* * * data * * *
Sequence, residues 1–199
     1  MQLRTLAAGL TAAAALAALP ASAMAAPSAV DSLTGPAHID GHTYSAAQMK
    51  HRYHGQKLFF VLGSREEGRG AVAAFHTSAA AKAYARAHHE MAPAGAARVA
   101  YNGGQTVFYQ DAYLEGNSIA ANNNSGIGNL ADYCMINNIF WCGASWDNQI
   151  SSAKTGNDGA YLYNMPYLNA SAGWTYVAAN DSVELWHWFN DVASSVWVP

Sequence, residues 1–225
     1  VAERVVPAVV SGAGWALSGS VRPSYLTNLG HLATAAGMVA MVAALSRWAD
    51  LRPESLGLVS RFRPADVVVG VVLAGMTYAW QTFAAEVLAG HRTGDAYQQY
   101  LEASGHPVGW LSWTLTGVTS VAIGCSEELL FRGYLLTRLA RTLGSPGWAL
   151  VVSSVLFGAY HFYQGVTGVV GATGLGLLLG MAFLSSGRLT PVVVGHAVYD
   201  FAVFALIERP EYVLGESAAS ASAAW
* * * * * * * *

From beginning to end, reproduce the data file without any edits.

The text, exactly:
Sequence, residues 1–199
     1  MQLRTLAAGL TAAAALAALP ASAMAAPSAV DSLTGPAHID GHTYSAAQMK
    51  HRYHGQKLFF VLGSREEGRG AVAAFHTSAA AKAYARAHHE MAPAGAARVA
   101  YNGGQTVFYQ DAYLEGNSIA ANNNSGIGNL ADYCMINNIF WCGASWDNQI
   151  SSAKTGNDGA YLYNMPYLNA SAGWTYVAAN DSVELWHWFN DVASSVWVP

Sequence, residues 1–225
     1  VAERVVPAVV SGAGWALSGS VRPSYLTNLG HLATAAGMVA MVAALSRWAD
    51  LRPESLGLVS RFRPADVVVG VVLAGMTYAW QTFAAEVLAG HRTGDAYQQY
   101  LEASGHPVGW LSWTLTGVTS VAIGCSEELL FRGYLLTRLA RTLGSPGWAL
   151  VVSSVLFGAY HFYQGVTGVV GATGLGLLLG MAFLSSGRLT PVVVGHAVYD
   201  FAVFALIERP EYVLGESAAS ASAAW